Rollercoaster Ranking – Gerstlauer Eurofighters
I’ve already covered the (mostly) wonderful Gerstlauer Infinities on here, but what about the ride type that thrust this company into the thrill coaster market in the first place?
The Eurofighter originally came onto the scene in 2003, 5 years after the coaster debut of Gerstlauer Amusement Rides. The main innovation and selling point of the design was the vertical lift hill and subsequent beyond vertical drop that usually marked the start of the attraction, though this went on to appear in the most surprising of places in the layouts of certain future installations.
They began with a humble 97°, setting the world record for steepest coaster drop and holding onto it over the next 5 years. The S&S El Loco threatened and then smashed this in 2008 before continuing to gradually increase the angle of descent until Gerstlauer edged into the lead again in 2011 with an unnerving 121°. This has since stood the test of time, until perhaps a slightly controversial reported gain of 0.5° on a 2019 equivalent of their very same design.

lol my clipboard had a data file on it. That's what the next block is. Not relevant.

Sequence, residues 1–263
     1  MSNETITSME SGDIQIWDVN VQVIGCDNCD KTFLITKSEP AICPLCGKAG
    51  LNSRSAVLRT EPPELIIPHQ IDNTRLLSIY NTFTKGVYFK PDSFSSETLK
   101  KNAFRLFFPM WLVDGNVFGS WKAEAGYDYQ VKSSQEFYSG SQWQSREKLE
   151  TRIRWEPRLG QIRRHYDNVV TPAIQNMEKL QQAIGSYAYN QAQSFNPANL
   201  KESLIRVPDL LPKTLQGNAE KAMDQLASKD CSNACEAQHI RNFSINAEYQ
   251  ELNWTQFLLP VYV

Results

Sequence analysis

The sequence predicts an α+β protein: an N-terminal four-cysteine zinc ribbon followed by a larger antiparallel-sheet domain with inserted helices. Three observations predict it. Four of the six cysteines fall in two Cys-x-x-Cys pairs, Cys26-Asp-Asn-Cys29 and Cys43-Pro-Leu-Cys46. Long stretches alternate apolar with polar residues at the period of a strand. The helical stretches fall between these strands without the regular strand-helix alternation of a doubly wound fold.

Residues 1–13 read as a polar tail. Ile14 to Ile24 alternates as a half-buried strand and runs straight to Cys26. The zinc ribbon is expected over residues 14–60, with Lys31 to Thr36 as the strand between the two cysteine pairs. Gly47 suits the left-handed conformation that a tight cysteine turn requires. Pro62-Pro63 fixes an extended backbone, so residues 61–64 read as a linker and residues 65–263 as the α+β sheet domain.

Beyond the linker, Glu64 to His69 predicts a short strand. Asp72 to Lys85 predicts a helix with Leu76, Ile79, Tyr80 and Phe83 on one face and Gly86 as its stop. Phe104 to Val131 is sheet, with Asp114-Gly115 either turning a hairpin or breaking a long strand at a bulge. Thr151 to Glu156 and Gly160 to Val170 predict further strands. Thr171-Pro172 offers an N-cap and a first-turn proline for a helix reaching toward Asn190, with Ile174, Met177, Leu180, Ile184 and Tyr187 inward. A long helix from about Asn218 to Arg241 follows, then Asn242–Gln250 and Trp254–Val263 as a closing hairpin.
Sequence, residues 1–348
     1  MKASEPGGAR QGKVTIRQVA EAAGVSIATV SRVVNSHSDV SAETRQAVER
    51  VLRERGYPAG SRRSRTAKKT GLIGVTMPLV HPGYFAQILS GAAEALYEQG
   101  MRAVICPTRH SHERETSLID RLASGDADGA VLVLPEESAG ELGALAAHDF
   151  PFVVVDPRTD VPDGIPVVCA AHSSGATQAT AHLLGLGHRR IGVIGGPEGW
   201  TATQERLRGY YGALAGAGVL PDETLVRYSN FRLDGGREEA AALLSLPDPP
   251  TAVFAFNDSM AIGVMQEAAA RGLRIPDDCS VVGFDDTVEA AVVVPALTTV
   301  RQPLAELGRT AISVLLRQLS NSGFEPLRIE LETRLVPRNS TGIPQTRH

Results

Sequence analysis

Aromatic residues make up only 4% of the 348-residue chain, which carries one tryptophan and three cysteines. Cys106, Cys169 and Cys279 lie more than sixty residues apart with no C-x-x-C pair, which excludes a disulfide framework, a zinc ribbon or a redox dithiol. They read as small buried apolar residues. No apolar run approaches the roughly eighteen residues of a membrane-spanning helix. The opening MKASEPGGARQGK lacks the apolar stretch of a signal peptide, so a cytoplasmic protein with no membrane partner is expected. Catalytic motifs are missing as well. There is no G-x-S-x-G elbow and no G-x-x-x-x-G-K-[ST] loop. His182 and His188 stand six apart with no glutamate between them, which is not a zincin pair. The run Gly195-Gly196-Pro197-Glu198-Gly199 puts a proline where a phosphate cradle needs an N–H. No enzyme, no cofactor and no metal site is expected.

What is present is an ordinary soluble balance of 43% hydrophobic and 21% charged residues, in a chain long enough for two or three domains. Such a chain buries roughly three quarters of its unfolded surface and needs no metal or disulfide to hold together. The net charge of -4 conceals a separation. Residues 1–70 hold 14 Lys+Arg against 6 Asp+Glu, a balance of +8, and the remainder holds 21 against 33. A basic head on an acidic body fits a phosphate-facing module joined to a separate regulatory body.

It’s not just the drops that make these attractions highly marketable though, the style lends itself to tight, compact, high thrill coasters at what I assume to be competitive prices and the size and shape led to several designs that translated well into narrative driven semi-dark rides with intricate theming packages, making the product even more versatile.
As of today, there are 24 Eurofighters across the furthest reaches of the world. I’m clearly slacking here, having only ridden 10 of them myself up until now. However, aside from the 8 custom ones, the ride type can be catchily categorised into various model numbers based on the track length in metres (I can’t wait to ride that ‘500/8’) and each of these groups share the same layout. This then leaves, according to my calculations, only 3 remaining unique designs for me to get out there and try.